On the February 25 episode of Heart 2 Heart, Elizabeth and Mary McBryde discuss a letter from a listener who feels a little taken for granted by a friend she is trying to help through a bad breakup. They also discuss about the consequences of choosing to be right instead of choosing to be happy when we feel as if we’ve been wronged.
Hi! I have a girlfriend who has just gone through a bad break-up. I completely understand that right now the attention of our friendship needs to be focused mainly on her right now, however every time we’ve talked recently, one of three things happen: Either she is talking to someone else while on the phone with me for the majority of the conversation, she hangs up immediately after picking up and claims she’ll call back (which is never the case), or the conversation is completely revolving around her, not necessarily about her break-up, until she rushes off the phone.
I’m trying to be patient and just accept it, but she does this after each break-up and I’m tired of the cycle and feeling unappreciated. What should I do?
Elizabeth discusses how important it is to make sure that both people in a relationship understand what the other wants and needs, as well as how important it is to make sure that both people in a relationship “get a turn” to be the focus of the relationship. It’s not about keeping a scorecard — it’s about making sure that you can both be there for each other when you need support, but that you’re both getting support when you need it.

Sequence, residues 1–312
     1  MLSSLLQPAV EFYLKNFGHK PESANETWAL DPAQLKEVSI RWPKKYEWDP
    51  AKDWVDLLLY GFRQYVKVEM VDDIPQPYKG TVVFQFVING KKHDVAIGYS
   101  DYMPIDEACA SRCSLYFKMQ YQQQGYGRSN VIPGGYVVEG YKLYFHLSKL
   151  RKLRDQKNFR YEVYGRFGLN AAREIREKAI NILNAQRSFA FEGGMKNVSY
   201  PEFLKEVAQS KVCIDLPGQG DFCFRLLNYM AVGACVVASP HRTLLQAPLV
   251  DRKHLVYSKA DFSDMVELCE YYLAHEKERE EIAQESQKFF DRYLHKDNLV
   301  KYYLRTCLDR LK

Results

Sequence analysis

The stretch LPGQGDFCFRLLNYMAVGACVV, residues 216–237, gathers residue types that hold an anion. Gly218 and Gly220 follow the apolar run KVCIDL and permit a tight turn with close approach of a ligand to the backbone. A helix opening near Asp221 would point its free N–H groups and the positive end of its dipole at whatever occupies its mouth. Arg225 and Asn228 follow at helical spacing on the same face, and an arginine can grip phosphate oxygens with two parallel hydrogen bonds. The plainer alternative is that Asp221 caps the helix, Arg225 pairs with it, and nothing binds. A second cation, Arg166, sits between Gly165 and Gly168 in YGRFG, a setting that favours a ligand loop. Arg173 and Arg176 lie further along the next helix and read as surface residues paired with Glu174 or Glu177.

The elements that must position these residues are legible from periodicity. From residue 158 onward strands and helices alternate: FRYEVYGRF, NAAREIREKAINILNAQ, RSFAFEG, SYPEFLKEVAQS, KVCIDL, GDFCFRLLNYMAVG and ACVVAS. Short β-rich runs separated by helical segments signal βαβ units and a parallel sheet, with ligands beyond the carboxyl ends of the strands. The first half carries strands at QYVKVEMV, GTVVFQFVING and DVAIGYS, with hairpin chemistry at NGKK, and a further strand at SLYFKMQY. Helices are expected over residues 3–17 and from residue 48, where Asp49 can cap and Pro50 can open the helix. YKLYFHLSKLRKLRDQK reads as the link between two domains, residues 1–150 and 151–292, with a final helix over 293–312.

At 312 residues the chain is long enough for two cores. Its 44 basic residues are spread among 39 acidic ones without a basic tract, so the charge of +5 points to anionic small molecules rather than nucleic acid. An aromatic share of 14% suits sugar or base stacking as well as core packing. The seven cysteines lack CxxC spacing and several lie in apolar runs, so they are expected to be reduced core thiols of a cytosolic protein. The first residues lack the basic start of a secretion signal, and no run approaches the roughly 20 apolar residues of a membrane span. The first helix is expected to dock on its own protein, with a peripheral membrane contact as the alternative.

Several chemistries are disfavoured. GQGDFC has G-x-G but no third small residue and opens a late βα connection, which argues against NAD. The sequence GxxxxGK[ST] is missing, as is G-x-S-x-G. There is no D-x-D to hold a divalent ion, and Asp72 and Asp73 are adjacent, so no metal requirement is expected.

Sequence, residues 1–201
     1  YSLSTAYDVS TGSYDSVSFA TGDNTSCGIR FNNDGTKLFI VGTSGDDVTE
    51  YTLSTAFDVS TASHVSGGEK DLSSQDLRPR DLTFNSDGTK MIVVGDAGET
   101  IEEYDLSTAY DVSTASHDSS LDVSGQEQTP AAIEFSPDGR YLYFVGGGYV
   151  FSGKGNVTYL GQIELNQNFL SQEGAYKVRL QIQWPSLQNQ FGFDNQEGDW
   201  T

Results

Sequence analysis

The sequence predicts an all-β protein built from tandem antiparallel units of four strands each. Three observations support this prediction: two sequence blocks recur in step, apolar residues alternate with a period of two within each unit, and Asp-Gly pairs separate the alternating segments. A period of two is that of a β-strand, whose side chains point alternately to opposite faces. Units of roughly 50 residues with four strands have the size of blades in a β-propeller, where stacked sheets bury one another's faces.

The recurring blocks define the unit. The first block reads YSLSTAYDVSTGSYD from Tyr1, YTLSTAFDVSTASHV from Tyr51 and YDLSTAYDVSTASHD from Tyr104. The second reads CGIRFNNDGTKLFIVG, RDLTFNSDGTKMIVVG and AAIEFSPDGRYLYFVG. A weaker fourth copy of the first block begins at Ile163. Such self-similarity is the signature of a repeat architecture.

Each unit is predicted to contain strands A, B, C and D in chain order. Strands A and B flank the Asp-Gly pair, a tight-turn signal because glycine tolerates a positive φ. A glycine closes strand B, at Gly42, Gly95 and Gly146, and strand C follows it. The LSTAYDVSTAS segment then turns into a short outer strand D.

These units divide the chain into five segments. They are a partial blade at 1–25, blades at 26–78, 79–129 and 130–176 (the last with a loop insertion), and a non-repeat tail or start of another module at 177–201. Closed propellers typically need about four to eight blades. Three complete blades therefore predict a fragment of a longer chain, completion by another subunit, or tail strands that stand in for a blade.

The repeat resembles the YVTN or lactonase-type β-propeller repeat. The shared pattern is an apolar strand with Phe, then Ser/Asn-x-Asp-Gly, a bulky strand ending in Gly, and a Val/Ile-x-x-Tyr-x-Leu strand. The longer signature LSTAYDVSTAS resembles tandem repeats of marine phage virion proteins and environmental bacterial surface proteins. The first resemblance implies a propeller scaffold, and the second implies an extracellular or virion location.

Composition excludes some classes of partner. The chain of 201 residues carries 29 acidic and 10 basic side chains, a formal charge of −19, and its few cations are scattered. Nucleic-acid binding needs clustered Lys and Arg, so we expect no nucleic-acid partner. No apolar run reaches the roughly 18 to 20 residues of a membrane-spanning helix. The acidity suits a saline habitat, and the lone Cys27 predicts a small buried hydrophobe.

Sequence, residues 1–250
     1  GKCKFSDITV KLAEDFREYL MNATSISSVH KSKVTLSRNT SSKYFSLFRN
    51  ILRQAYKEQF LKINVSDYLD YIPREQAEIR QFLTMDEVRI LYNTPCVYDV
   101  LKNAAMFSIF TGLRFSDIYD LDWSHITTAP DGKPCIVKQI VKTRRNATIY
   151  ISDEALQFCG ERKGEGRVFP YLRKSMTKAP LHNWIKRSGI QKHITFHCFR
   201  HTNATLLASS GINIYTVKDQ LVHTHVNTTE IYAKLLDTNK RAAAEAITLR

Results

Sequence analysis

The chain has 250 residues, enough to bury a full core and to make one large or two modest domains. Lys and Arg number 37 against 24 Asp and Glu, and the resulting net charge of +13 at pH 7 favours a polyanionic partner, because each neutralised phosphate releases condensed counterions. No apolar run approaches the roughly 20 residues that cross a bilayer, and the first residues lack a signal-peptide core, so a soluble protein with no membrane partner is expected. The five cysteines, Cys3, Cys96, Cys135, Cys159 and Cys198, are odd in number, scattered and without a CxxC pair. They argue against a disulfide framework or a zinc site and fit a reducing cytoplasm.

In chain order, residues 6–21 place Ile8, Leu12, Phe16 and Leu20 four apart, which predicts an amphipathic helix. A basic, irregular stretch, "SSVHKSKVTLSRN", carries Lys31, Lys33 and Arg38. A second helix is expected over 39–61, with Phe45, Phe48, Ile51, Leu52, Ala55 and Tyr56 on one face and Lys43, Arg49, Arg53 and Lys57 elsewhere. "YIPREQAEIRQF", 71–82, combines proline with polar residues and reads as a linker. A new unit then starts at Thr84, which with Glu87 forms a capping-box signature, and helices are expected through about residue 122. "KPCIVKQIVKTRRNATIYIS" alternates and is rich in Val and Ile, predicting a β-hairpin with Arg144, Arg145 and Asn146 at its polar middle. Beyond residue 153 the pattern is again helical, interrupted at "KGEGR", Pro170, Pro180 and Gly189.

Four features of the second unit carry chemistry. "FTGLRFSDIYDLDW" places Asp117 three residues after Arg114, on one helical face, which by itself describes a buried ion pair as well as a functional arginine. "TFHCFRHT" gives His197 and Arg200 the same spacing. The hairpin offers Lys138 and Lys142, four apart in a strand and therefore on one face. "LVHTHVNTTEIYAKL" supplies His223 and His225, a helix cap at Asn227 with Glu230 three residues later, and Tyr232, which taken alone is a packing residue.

Elizabeth and Mary also talk about how sometimes people “speak” with their behavior (as opposed to their words) and how to teach people to treat you the way you want (and deserve!) to be treated.
Mary shares a story about a recent fishing trip where she had to decide whether or not she wanted to be right, or whether she wanted to be happy. Elizabeth describes how sometimes it’s hard because we don’t want to have to “let go” of the feelings that went with a situation where we feel like we’ve been wronged, but by deciding whether or not we want to be right, or whether we want to be happy, we can make a big difference and improve our lives.
Elizabeth also talks about the importance of telling people how you feel — sometimes when it even seems obvious — as a tool for cementing your relationship. And sometimes what seems obvious isn’t always.